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'It is scary:' Researchers say rocket splashdown in Arctic could be toxic

Europe's space agency is defending plans to launch two satellites that would drop a rocket stage likely to contain highly toxic fuel in some of the most ecologically sensitive waters of the Canadian Arctic.
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Europe's space agency is defending plans to launch two satellites that would drop a rocket stage likely to contain highly toxic fuel in some of the most ecologically sensitive waters of the Canadian Arctic.

Inuit have said those plans treat seas teeming with life as a garbage dump.

But the agency said Friday that next week's launch will have little effect on the North Water Polynya between Baffin Island and Greenland.

"Propellant components never reach the Earth’s surface," said spokesman Pal Hvistendahl in an email.  

Next Friday, the European Space Agency plans to launch the Sentinel 5P satellite, an environmental probe designed to monitor trace gases in the atmosphere. A second launch of a similar satellite is planned for 2018.

The second stage of both rockets are expected to splash down in water that is part of Canada's exclusive economic zone.

Both will use Soviet-era rockets fuelled by hydrazine. The fuel is a carcinogen and causes convulsions, nervous system damage, kidney and liver failure in humans.

Hvistendahl said unused fuel will be destroyed before it reaches the ocean. Re-entry temperatures are much higher than hydrazine's boiling point, he said.

"The structural parts lose their integrity and, by melting, the destruction of the stage occurs. Six kilometres above ground the propellant components have completely burnt up."

Michael Byers, a Canadian academic who has just published research on the launch in a top Arctic journal, questioned those assurances. 

"The ESA is making lots of assumptions about what happens to the residual (fuel) in these returning rocket stages," he said Friday in an email. "Unless they have real science that proves their assumptions, they should not be taking chances with Inuit lives and the Arctic environment."

In his paper, published in Polar Record from Cambridge University, Byers cites extensive evidence suggesting that instead of burning, hydrazine forms fine droplets that settle on the Earth below.

Byers quotes a UN report that found "the products of combustion and non-combusted remains of fuel and oxidants falling from the height of 20–100 kilometre spread and land over thousands of square kilometres."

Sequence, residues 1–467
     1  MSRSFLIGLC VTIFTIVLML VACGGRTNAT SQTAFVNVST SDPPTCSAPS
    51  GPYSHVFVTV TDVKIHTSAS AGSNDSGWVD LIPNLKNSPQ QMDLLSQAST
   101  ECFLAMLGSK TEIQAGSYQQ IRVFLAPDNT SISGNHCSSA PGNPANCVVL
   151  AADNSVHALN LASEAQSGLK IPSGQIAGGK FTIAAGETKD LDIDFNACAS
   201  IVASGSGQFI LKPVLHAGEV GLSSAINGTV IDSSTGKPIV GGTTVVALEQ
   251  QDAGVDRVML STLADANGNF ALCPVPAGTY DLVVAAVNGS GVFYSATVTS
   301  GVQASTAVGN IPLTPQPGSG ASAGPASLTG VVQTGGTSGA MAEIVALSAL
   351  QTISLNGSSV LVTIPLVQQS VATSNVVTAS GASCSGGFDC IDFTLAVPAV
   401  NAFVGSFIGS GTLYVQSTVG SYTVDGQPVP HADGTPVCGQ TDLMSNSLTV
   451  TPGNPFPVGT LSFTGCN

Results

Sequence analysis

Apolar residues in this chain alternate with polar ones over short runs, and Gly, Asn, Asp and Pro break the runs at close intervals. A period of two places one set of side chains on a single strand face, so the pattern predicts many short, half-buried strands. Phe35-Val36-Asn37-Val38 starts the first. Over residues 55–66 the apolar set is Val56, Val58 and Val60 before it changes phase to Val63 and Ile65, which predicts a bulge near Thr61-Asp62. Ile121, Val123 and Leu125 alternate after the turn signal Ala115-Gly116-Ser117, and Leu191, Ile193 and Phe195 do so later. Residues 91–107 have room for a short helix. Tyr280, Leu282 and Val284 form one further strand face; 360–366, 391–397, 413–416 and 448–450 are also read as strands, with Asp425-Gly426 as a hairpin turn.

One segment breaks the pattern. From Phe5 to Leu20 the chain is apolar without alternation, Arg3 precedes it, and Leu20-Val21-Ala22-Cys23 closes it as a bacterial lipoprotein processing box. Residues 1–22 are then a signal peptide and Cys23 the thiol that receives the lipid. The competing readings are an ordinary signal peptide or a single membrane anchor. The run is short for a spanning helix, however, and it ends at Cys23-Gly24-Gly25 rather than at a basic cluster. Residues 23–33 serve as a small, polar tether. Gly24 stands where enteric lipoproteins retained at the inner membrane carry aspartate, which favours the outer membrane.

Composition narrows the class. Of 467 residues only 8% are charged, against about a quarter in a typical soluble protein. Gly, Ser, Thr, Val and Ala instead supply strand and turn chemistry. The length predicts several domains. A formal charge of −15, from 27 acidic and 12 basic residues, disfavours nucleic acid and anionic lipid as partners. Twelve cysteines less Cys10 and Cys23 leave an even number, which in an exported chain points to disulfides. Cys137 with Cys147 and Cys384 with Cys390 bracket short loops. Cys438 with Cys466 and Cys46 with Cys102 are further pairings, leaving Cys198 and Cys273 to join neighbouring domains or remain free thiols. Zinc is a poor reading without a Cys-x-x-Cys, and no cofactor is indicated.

The rocket stage could be carrying up to a tonne of unused hydrazine as it falls, the paper says.

It will drop into the North Water Polynya, an 85,000-square-kilometre ocean that is free of ice year-round. It shelters most of the world's narwhal, as well as about 14,000 beluga whales and 1,500 walrus, bowhead whales, polar bears, seals and tens of millions of seabirds.

“For millennia, Inuit have relied and continue to rely on a healthy marine environment that has always supported our culture, our communities, our health and our wellness," Nancy Karetak-Lindell of the Inuit Circumpolar Commission said in a release. "How can anyone believe that this is acceptable?”

A spokesman for Global Affairs Canada said the risks are considered very low and that the stage will fall outside Canada's 12-nautical mile territorial waters limit.

But Byers points out Canada claims jurisdiction over waters extending out 200 nautical miles. Such a release would be considered illegal if it came from a ship, he said.

In his paper, Byers points out there have been 10 such launches dropping rocket stages into the North Water Polynya over the last 15 years.

Nearly every country in the world, including Russia, has stopped using hydrazine. He said Europe launched a very similar satellite earlier this year with a rocket using a much safer fuel.

— Follow Bob Weber on Twitter at @row1960

 

Bob Weber, The Canadian Press



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